The American Presidents Series: The 15th President, 1857-1861
A provocative reconsideration of a presidency on the brink of Civil War
Almost no president was as well trained and well prepared for the office as James Buchanan. He had served in the Pennsylvania state legislature, the U.S. House, and the U.S. Senate; he was Secretary of State and was even offered a seat on the Supreme Court. And yet, by every measure except his own, James Buchanan was a miserable failure as president, leaving office in disgrace. Virtually all of his intentions were thwarted by his own inability to compromise: he had been unable to resolve issues of slavery, caused his party to split-thereby ensuring the election of the first Republican president, Abraham Lincoln-and made the Civil War all but inevitable.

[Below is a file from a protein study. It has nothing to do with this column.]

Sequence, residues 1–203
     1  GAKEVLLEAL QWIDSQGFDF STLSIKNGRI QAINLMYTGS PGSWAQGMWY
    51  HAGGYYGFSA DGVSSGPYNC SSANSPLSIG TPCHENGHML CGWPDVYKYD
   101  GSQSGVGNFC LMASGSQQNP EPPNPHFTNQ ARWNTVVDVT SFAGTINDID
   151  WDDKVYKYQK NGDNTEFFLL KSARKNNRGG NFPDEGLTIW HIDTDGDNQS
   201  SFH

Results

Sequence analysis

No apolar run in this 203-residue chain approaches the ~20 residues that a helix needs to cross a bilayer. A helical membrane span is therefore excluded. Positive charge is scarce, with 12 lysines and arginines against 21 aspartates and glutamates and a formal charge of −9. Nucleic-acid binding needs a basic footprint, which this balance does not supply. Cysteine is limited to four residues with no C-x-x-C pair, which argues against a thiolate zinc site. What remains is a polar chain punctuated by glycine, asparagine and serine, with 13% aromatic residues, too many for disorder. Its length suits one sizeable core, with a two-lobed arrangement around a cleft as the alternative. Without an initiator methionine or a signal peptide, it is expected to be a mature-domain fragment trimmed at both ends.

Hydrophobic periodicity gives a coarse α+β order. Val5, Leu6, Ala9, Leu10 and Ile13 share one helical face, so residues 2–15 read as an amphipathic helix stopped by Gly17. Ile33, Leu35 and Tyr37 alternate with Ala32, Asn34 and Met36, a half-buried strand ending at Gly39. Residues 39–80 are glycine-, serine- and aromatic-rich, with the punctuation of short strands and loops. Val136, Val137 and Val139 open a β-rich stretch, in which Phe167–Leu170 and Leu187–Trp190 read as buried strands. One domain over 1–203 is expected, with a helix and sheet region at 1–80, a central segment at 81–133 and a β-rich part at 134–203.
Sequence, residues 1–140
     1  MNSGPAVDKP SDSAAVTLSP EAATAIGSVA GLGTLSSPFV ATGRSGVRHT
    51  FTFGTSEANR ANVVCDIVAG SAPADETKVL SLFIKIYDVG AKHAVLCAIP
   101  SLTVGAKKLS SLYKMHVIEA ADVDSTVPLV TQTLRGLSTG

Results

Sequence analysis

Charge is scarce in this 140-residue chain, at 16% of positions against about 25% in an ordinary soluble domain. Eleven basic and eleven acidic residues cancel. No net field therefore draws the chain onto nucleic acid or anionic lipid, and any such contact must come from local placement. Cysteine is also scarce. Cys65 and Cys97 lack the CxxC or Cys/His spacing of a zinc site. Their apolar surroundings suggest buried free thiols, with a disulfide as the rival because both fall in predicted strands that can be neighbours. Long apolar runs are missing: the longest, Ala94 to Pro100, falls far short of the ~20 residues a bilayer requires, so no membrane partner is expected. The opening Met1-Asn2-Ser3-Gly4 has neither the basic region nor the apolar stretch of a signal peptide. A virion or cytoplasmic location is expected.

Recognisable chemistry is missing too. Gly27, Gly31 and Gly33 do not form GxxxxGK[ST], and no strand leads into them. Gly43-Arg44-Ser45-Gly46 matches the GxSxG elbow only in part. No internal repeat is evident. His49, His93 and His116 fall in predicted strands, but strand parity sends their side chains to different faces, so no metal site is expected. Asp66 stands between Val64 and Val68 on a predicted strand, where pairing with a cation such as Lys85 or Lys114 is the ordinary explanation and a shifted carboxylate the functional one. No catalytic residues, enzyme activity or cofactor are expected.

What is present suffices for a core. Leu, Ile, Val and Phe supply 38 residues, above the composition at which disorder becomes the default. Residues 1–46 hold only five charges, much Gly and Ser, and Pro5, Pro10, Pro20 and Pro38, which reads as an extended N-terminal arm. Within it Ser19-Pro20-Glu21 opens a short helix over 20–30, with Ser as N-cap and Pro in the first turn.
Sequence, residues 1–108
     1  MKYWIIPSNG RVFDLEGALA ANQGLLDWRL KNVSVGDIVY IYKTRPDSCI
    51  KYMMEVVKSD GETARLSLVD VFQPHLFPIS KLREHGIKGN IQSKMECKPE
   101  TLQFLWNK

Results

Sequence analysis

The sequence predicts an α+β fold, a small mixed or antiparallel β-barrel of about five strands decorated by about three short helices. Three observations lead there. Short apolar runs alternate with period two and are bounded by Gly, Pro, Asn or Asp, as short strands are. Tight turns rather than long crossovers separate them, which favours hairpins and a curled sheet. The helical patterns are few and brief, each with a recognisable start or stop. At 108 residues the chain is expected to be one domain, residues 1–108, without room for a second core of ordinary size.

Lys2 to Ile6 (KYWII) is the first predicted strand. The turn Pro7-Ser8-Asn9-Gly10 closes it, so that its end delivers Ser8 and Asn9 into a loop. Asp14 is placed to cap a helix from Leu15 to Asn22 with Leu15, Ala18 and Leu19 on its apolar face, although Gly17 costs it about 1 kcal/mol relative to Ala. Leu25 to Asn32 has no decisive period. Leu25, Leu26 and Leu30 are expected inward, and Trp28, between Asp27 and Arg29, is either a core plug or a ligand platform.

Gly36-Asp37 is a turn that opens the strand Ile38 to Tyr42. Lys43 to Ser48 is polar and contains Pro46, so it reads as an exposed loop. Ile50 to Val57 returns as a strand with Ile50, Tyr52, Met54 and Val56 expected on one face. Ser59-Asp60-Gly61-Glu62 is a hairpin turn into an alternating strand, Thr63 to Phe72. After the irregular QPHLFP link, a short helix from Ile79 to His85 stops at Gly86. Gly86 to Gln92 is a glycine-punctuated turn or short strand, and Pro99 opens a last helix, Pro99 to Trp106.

Historian Jean H. Baker explains that we have rightly placed Buchanan at the end of the presidential rankings, but his poor presidency should not be an excuse to forget him. To study Buchanan is to consider the implications of weak leadership in a time of national crisis. Elegantly written, Baker's volume offers a balanced look at a crucial moment in our nation's history and explores a man who, when given the opportunity, failed to rise to the challenge.
Times Books, 9780805069464, 192pp.
Publication Date: June 7, 2004
About the Author
Arthur M. Schlesinger, Jr., (1917-2007) was the preeminent political historian of our time. For more than half a century, he was a cornerstone figure in the intellectual life of the nation and a fixture on the political scene. He won two Pulitzer prizes for The Age of Jackson (1946) and A Thousand Days (1966), and in 1988 received the National Humanities Medal. He published the first volume of his autobiography, A Life in the Twentieth Century, in 2000.